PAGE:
I drew a lot of inspiration from my book from the American Old West, which was a lot more diverse than a lot of older media seemed to think it was. I got many of my ideas for the setting in “Graves” from northern New Mexico, which is home to a lot of indigenous tribes. One of my characters, Tsashin, is an indigenous young woman. The Harney brothers, Halston and Hodge, are biracial. Halston struggles with anxiety. I have generalized anxiety as well, so sometimes, writing through his struggles was a touch close-to-home for me. Lastly, my character Lorelin is a lesbian. As for her love interest… well, you guys will see. :)

16- Who is your favorite book review blogger?

I LOVE Read With Cindy. Her content never fails to make me laugh out loud.
Operation Awesome #20Questions in #2020 of #NewBook Debut Author Sophia Minetos. Releasing on December 15, 2020.

17- What was the deciding factor in your publication route?

“Graves for Drifters and Thieves” was very much a labor of love. It was my passion project, and because of that, I wanted to have complete creative control over it. I may pursue traditional publishing for another project in the future, but I had a very specific vision for “Graves”. I knew that self-publishing would allow me to stay completely true to that vision in its purest form.

18- Which author, past or present, do you feel most resembles your work?

I’d say Louis L’amour. A lot of his books really do feel like odes to the American wilderness, which is a big part of what I wanted “Graves” to be.

19- Would you please ask our audience a question to answer in the comments?

If you could visit any national park, which one would you pick and why?

20- Anything else you would care to share about your book and yourself?
Operation Awesome #20Questions in #2020 of #NewBook Debut Author Sophia Minetos. Releasing on December 15, 2020.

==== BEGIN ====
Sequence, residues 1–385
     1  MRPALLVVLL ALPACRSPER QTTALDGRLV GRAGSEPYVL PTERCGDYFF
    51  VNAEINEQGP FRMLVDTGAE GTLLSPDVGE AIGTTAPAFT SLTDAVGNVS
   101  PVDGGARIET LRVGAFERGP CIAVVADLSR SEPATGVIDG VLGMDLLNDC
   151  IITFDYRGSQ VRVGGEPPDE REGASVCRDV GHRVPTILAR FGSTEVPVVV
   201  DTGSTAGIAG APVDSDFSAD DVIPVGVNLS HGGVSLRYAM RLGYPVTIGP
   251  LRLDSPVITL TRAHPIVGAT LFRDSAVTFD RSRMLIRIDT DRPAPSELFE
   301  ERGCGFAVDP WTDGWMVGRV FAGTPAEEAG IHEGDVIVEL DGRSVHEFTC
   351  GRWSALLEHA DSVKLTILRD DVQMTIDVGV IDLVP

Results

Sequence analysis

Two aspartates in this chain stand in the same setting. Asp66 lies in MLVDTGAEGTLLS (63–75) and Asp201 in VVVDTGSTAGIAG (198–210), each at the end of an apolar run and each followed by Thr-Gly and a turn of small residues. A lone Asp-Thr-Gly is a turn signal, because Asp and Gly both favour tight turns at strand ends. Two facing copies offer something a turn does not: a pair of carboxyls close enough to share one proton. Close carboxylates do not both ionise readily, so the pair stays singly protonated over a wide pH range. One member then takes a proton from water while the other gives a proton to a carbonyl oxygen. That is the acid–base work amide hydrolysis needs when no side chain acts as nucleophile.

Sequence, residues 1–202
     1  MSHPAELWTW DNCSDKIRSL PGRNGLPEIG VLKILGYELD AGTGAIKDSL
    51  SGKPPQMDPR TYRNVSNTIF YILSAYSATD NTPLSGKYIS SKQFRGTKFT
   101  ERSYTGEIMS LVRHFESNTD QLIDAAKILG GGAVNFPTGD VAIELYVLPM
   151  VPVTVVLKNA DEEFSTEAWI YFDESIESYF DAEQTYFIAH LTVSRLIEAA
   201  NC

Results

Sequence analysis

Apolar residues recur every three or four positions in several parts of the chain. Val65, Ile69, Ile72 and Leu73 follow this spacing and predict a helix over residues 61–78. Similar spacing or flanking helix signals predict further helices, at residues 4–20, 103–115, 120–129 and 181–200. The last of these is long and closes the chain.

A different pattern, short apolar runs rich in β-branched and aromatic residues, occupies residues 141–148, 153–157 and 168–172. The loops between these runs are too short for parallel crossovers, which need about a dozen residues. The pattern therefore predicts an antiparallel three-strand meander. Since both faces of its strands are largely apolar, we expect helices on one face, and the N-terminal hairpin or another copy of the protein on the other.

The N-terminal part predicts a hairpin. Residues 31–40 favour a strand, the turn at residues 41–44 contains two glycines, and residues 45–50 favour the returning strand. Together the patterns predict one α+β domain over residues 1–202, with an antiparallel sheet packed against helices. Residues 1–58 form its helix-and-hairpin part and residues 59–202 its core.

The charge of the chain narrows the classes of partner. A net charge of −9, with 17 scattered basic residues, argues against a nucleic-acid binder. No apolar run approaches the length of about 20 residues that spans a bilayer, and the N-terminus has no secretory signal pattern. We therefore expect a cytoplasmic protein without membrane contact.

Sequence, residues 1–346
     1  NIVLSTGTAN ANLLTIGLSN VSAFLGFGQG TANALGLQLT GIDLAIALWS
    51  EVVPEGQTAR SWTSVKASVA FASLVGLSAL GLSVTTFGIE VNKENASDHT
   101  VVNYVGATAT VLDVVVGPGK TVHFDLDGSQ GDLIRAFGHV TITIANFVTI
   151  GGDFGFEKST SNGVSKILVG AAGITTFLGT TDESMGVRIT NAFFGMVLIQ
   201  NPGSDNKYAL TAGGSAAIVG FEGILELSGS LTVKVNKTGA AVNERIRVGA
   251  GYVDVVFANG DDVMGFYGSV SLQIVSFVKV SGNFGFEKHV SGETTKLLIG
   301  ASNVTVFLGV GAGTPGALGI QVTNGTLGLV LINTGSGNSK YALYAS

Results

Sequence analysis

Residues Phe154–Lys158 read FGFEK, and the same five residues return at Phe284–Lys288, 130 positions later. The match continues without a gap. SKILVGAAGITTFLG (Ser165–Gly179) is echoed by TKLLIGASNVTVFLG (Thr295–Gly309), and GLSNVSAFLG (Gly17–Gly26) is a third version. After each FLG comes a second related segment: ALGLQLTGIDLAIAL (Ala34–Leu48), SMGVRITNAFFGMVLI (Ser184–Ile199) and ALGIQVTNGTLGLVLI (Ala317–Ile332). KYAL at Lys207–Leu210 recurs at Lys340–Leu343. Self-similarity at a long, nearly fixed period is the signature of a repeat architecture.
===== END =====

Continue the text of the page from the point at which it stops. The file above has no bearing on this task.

More about “Graves for Drifters and Thieves”:

The Hespyrian West is a place for legends and lawless men. Here, Jae Oldridge works as a bounty hunter, getting by with her wits, her magic map, and not much else. At seventeen, she hunts not for money or glory, but to find her missing father-kidnapped by ghost riders three years back.
When a saloon brawl brings Jae to the enigmatic Harney gang, she feigns interest in assisting them, hoping to turn them in later on. Survivors of the Arrowwood War, the gang pillages silver, without interest in much else... and no one knows why. The gang is led by two brothers: the stern, commanding Halston and headstrong, fiery Hodge. Joining them is an aristocrat-turned-outlaw, a rugged, snake-skinned Azmarian, and a young storyteller with a mysterious past.
Trekking across the wilderness, the group encounters warlocks, monsters, and gunfights in the service of Sterling Byrd: the gang's crooked boss. Jae learns that the gang is not what they seem. They also stand on a razor's edge; not just with the law, but with Sterling himself. Jae finds herself growing closer to the Harneys... especially Halston.
Staying with the gang could lead Jae to a noose's end, but Halston harbors a secret that could change her life forever. It is then Jae learns that her loyalties-wherever they may lie-do not come without a price.

My bio:



I am a young adult author residing in Albuquerque, New Mexico. My debut novel, "Graves for Drifters and Thieves", will be available in fall 2020. When I'm not writing, you can find me knitting, trying new recipes, reading, or watching campy old Western movies. ​

Links:



https://linktr.ee/authorsophiaminetos


Graves for Drifters and Thieves by Sophia Minetos

Tuesday, November 24, 2020

Week 4 of NaNo

Wow, it is day 24 of National Novel Writing Month (NaNo)! And it is the last Tuesday in November. The word count total for today is 40,008 for the traditional 1,667 words a day.

I can't believe that NaNo is almost over. With Day 30 coming, I'm already beginning to think about my editing process and how I can improve this NaNo project.

But first, I'll take a break in December. Put the novel in a drawer, and let it sit. Maybe start planning a new project. But I will not think about the current project until I open that drawer and read it. Hopefully by then, I will forget that I wrote it and I can see the novel with fresh eyes.